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Perception of linear horizontal self-motion induced by peripheral vision /linearvection/ - Basic characteristics and visual-vestibular interactionsThe basic characteristics of the sensation of linear horizontal motion have been studied. Objective linear motion was induced by means of a moving cart. Visually induced linear motion perception (linearvection) was obtained by projection of moving images at the periphery of the visual field. Image velocity and luminance thresholds for the appearance of linearvection have been measured and are in the range of those for image motion detection (without sensation of self motion) by the visual system. Latencies of onset are around 1 sec and short term adaptation has been shown. The dynamic range of the visual analyzer as judged by frequency analysis is lower than the vestibular analyzer. Conflicting situations in which visual cues contradict vestibular and other proprioceptive cues show, in the case of linearvection a dominance of vision which supports the idea of an essential although not independent role of vision in self motion perception.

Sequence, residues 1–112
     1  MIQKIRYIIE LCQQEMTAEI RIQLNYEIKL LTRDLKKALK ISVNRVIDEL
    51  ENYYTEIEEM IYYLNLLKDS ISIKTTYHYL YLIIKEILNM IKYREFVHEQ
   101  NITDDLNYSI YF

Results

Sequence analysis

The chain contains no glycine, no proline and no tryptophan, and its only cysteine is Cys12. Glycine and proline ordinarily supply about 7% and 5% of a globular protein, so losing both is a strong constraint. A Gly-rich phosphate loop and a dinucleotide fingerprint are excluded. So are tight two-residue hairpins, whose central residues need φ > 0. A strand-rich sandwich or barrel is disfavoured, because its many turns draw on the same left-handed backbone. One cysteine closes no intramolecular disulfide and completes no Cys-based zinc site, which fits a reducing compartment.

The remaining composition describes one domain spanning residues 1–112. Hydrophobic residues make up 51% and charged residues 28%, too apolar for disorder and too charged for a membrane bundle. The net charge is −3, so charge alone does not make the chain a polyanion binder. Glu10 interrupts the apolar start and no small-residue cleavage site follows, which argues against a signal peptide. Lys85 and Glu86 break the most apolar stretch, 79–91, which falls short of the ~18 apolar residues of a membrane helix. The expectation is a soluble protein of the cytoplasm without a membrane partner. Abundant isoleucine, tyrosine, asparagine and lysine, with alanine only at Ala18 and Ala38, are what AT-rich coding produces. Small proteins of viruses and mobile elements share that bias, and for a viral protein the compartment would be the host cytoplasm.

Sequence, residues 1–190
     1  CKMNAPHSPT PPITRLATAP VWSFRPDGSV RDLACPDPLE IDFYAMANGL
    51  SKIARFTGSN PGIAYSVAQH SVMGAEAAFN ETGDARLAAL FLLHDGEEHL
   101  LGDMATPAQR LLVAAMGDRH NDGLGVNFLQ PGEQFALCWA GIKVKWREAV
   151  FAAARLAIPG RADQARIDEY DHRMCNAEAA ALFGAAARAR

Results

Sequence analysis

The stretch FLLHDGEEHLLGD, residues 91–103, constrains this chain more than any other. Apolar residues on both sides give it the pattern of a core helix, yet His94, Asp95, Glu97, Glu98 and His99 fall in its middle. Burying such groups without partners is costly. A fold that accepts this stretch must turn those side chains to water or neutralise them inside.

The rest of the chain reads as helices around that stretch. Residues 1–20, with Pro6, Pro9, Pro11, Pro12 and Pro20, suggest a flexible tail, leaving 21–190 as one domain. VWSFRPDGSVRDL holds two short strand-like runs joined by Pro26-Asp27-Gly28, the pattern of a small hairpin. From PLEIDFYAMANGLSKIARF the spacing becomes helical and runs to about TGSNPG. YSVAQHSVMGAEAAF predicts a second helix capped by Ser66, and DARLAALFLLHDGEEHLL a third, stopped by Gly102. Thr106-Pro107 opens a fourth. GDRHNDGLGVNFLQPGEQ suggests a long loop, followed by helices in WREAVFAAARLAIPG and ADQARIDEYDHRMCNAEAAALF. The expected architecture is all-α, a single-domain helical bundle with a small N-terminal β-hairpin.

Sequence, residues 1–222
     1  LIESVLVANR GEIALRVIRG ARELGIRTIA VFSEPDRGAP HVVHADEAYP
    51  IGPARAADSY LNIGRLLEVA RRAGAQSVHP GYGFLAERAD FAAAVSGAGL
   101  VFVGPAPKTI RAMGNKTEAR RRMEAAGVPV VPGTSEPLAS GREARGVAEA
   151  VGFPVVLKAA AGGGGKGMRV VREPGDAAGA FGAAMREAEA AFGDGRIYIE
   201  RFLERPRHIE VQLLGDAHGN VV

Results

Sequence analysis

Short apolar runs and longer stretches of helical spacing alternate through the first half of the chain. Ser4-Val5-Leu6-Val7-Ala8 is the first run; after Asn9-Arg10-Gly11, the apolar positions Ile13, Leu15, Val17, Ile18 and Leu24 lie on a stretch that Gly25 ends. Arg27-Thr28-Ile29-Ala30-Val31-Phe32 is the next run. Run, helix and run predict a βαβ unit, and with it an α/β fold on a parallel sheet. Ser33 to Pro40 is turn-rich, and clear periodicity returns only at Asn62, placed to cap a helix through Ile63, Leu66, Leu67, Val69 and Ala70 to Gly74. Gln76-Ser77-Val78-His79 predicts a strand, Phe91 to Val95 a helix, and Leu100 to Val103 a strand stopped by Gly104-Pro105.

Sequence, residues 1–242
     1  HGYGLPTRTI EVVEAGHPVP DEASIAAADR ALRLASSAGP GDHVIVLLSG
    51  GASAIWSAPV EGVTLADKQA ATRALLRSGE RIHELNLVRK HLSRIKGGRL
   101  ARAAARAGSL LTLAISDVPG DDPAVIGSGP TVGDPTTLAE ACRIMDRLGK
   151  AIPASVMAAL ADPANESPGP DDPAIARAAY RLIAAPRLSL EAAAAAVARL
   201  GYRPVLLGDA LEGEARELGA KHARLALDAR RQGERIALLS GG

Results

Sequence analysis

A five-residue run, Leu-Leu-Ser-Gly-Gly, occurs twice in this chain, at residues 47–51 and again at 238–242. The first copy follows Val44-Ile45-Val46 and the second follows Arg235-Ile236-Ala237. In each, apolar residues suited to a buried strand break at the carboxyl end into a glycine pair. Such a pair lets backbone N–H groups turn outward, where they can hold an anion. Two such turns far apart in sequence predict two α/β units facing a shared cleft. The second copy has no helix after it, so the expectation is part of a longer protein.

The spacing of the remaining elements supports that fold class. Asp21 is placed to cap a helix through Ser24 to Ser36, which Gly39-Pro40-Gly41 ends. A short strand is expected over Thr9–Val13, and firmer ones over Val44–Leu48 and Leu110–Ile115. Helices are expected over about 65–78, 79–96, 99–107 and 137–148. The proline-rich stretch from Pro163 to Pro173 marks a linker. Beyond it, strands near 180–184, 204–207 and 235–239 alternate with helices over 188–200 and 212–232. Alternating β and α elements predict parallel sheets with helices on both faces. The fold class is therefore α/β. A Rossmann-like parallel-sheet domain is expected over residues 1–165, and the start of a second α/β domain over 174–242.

Document ID
Acquisition Source
Legacy CDMS
Document Type
Reprint (Version printed in journal)
External Source(s)
Berthoz, A.
(Centre National de la Recherche Scientifique Paris, France)
Pavard, B.
(Centre National de la Recherche Scientifique Paris, France)
Young, L. R.
(CNRS and Conservatoire National des Arts et Metiers Laboratoire de Physiologie du Travail, Paris, France)
Date Acquired
August 8, 2013
Publication Date
November 14, 1975
Publication Information
Publication: Experimental Brain Research
Volume: 23
Subject Category
Behavioral Sciences
Accession Number
Funding Number(s)
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